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Billy Sperlich, Karsten Koehler, Hans-Christer Holmberg, Christoph Zinner and Joachim Mester

Purpose:

The aim of the study was to determine the cardiorespiratory and metabolic characteristics during intense and moderate table tennis (TT) training, as well as during actual match play conditions.

Methods:

Blood lactate concentration (Lac), heart rate (HR, beats per minute [bpm]), oxygen uptake (VO2), and energy expenditure (EE) in 7 male participants of the German junior national team (age: 14 ± 1 y, weight: 60.5 ± 5.6 kg height; 165 ± 8 cm) were examined during six training sessions (TS) and during an international match. The VO2 was measured continuously with portable gas analyzers. Lac was assessed every 1 to 3 min during short breaks.

Results:

Mean (peak) values for Lac, HR, VO2, and EE during the TS were 1.2 ± 0.7 (4.5) mmol·L–1, 135 ± 18 (184) bpm, 23.5 ± 7.3 (43.0) mL·kg–1· min–1, and 6.8 ± 2.0 (11.2) METs, respectively. During match play, mean (peak) values were 1.1 ± 0.2 (1.6) mmol·L–1, 126 ± 22 (189) bpm, 25.6 ± 10.1 (45.9) mL·kg–1·min–1, and 4.8 ± 1.4 (9.6) METs, respectively.

Conclusions:

For the frst time, cardiorespiratory and metabolic data in elite junior table tennis have been documented demonstrating low cardiorespiratory and metabolic demands during TT training and match play in internationally competing juniors.

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Nicolas Fabre, Stéphane Perrey, Loïc Arbez and Jean-Denis Rouillon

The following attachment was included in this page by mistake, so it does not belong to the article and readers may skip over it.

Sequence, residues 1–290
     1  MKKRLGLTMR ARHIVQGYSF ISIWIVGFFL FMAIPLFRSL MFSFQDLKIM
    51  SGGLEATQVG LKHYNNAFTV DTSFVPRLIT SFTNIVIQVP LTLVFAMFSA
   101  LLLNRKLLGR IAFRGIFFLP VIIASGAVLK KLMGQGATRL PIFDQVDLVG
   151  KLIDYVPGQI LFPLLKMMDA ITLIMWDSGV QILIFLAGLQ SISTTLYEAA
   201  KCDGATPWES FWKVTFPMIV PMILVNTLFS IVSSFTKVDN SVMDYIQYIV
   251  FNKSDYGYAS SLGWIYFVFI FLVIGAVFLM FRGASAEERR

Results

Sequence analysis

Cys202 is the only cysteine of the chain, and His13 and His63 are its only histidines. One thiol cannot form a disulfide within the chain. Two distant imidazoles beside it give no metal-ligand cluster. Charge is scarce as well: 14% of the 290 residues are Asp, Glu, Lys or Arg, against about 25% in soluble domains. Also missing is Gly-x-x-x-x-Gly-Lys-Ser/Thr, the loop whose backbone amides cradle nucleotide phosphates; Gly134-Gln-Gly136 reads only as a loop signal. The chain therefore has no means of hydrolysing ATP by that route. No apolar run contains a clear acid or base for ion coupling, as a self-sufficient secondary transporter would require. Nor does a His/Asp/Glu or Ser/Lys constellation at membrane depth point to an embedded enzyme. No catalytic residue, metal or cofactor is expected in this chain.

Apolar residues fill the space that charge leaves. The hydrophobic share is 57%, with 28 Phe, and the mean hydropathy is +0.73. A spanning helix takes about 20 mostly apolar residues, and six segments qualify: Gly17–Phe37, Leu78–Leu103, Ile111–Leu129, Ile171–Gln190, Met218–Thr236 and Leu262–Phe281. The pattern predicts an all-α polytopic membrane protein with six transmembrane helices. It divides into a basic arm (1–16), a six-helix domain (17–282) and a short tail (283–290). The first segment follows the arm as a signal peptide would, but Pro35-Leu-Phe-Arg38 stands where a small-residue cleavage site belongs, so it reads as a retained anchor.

Purpose:

This study aimed (1) to determine whether paced breathing (synchronization of the expiration phase with poling time) would reduce the metabolic rate and dictate a lower rate of perceived exertion (RPE) than does spontaneous breathing and (2) to analyze the effects of paced breathing on poling forces and stride-mechanics organization during roller-ski skating exercises.

Methods:

Thirteen well-trained cross-country skiers performed 8 submaximal roller-skiing exercises on a motorized driven treadmill with 4 modes of skiing (2 skating techniques, V2 and V2A, at 2 exercise intensities) by using 2 patterns of breathing (unconscious vs conscious). Poling forces and stride-mechanics organization were measured with a transducer mounted in ski poles. Oxygen uptake (VO2) was continuously collected. After each bout of exercise RPE was assessed by the subject.

Results:

No difference was observed for VO2 between spontaneous and paced breathing conditions, although RPE was lower with paced breathing (P < .05). Upper-limb cycle time and recovery time were significantly (P < .05) increased by paced breathing during V2A regardless of the exercise intensity, but no changes for poling time were observed. A slight trend of increased peak force with paced breathing was observed (P = .055).

Conclusion:

The lack of a marked effect of paced breathing on VO2 and some biomechanical variables could be explained by the extensive experience of our subjects in cross-country skiing.